No direct contact for father who is “his own worst enemy”

Children | 14 Jan 2020 0

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No direct contact for father: All experienced family lawyers have come across it: the parent who is utterly certain that they know best, and who is unable to accept any contrary view. This outlook completely clouds their approach to any dispute over arrangements for their children, and how they deal with court proceedings aimed at resolving that dispute.

A recipe for disaster

And of course, these issues can be magnified if that parent isn’t legally represented, as is of course so often the case these days. Without proper advice and a lawyer to at least attempt to moderate their actions, such behaviour is only likely to be worse. It is a recipe for disaster.

All of this was amply demonstrated by the judgment in the case Re C1 and C2 (Child Arrangements), which was decided by Mr Justice Keehan in the High Court back in August, but which has only recently appeared on the Bailii website.

The case concerned cross-applications by a mother and father in relation to arrangements for two children, named by Mr Justice Keehan as ‘C1’ and ‘C2’. C1 was born in 2017, and C2 in 2007. The mother is the parent of both, but the father is just the parent of C1 only. The father was seeking a child arrangements order in respect of both children, and the mother sought an order pursuant to section 91(14) of the Children Act 1989 against the father, preventing him from making any further Children Act applications in respect of C1 or C2, without leave of the Court.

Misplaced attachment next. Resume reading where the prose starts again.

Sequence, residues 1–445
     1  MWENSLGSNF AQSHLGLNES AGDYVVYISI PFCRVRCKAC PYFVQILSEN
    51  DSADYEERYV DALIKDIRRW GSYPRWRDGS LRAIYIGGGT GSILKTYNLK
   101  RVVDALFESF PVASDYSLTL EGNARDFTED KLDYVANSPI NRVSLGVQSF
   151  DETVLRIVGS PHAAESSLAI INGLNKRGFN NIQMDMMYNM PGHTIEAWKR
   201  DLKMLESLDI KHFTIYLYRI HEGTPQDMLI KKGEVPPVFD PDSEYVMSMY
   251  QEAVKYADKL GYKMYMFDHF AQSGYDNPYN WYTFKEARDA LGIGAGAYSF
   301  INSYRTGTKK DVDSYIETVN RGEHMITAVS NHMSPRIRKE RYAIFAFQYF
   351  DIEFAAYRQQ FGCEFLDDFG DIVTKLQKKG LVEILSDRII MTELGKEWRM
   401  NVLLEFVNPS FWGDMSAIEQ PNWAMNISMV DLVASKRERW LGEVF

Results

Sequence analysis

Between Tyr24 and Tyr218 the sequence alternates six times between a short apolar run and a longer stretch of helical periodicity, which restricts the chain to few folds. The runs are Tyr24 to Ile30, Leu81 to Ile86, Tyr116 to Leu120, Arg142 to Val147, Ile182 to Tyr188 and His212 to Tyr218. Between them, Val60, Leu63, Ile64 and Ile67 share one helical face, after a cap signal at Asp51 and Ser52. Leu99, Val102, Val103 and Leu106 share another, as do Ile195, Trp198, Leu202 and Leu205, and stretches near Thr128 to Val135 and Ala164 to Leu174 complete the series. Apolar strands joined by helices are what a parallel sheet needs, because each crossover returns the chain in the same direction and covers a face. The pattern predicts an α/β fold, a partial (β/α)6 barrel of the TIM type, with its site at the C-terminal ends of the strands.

The father was seeking regular direct contact with the children. His application was opposed, both by the mother and by the father of C2. The children’s guardian also supported their opposition to direct contact.

The father also has two other children, who were the subject of separate proceedings. A section 91(14) order had already been made in those proceedings, and at a hearing in 2016 the father had “demonstrated threatening and abusive behaviour”.

The background of the C1/C2 case was as follows. The parties had begun a relationship in about 2015. The relationship ended in 2018 and the parties agreed that the father should have contact with C12. Sadly, that arrangement quickly broke down. At one point the father drove off with C1 and the mother had to go to court to get a recovery order for him to be returned to her care.

Disputes over contact continued, and contact broke down. At a hearing in September 2018 the judge proposed that in order to restart contact, the father should have contact for two hours to C1 twice a week (the father had been seeking a shared care arrangement). The father was so unhappy with what was proposed that he walked out of court.

Later that month the father went to the mother’s home, refused to leave despite the mother requesting him to do so 31 times, and only left after she pressed a panic button that had been installed, and before the police arrived.

Some days later the father once again attended the mother’s home. In breach of a prohibitive steps order he removed C1 from the care of his mother, and there was an altercation between them, in the course of which the mother was assaulted by the father.